We gather with the other farang teachers on the schoolyard. While a Thai woman rattles on in a microphone on the school stage, our kids run around the schoolyard, seemingly taking some time off from their studies. “What are we supposed to do here?” one of my farang colleagues asks, looking quite puzzled. None of us holds the answer.

Three hours later, the ceremony ends. A multitude of pictures was taken, many of them featuring us – the “farang ajarns”. Meanwhile, our phones are constantly ringing due to all the pictures being shared in our respective classroom’s LINE-groups, which are used to inform the kids’ parents of what we are doing at school. Despite having asked plenty of questions, our roles on the schoolyard, the mysterious dance practice, and even the meaning of the ceremony itself, remains unexplained…

Thai Bureaucracy

After the ceremony, we return to our regular teaching schedules. Of course, since the afternoon classes were originally cancelled, I hadn’t prepared for these. I quickly improvise and initiate what was supposed to be tomorrow’s class. Again: sabai sabai. Don’t worry about it…

No day at school ever came and went without a similar show of force from the Gods. Sometimes classes were cancelled due to dance practice; sometimes classes were cancelled due to a man handing out cold drinks; sometimes classes were cancelled due to classes being cancelled. It was a constant surprise to see what the Thai public school rollercoaster ride would bring us next!

One of my favorite weeks had been quickly dubbed “Mind Mapping Week”. It all started one Wednesday evening, while my partner (slash colleague) and I were watching a movie in the comfort of our home. Our phones rang, bringing a message from our boss: next Tuesday an important delegation of representatives from the ASEAN community would visit our school to observe our teaching methods. In their own respective schools and countries, they used mind mapping as a tool for education. Now, the vice-principal had decided to show the visitors how wonderful we had adapted the same concept in our school. Of course, in order to prove this, these mind maps first had to be made…

The events that occurred in the next few days were a tour-de-force of Thai public school policy: “fake it ’till you make it”. Or better yet: “fake it ’till it looks like you made it!” Like a thunderstorm, teachers desperately swept through their classes, hour after hour, instructing each class in every single subject to draw a mind map. English class? Make a mind map about your hobbies – in English! PE? Make a mind map about the types of sports you know! Science? Make a mind map about how to make mind maps! In the third period, I stepped into my next classroom, proclaiming to the pupils: “Good morning students, today we will not work on our Writing assignments. Instead, we are going to-” One of the students interrupted with a loud, deep sight: “…make mind maps!”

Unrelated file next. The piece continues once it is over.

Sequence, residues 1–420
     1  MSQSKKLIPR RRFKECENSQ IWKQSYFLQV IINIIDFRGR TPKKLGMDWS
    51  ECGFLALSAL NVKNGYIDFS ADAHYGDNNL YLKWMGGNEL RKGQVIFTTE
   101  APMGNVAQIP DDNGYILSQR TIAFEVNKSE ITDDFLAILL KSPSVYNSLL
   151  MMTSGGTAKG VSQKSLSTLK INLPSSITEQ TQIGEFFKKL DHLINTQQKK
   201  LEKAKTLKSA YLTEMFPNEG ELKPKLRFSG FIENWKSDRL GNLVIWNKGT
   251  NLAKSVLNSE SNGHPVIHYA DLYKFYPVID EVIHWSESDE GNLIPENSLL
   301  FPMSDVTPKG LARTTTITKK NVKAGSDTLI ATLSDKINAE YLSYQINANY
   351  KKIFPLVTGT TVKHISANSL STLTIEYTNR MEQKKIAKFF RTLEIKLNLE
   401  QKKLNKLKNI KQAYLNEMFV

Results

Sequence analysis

Things I can do well
“Things I do well”, a mind map made by a student from Prathom 5; only one of the hundreds of mind maps (Credit: Mai)

The mind mapping circus ended with a humongous pile of mind maps being slapped on the vice-principal’s desk, all neatly tied together per subject, per class. Once the delegation of representatives arrived everybody was at their best behavior and classes were taught to ultimate perfection, each teacher pulling a bag of magic tricks out of their pockets. It was as if the entire school had been lifted off the ground and was transported to an alternate universe. The mind maps themselves disappeared into nothingness right after… and so did the magic tricks. Most importantly, though, the visitors were impressed, and many pictures were taken. Sabai sabai!

Things I can do badly
“Things I do badly” (Credit: Mai)

Good Teachers and Bad Teachers

Nobody likes a bad teacher. However, what a bad teacher is, is up for discussion. The definition of a good teacher is very different in Thai public schools from other schools. A teacher who teaches “lessons appropriate to the students level and age, in a way that helps them to develop into skilled and knowledgeable individuals” might be let go at the end of the year, while a teacher who mostly takes pictures, plays with his phone during teaching hours and lets students run around the classroom might get a bonus for being a very likable teacher. It’s all a matter of what is important to who, and who notices what. At the base of this lies the concept of the hierarchical pyramid.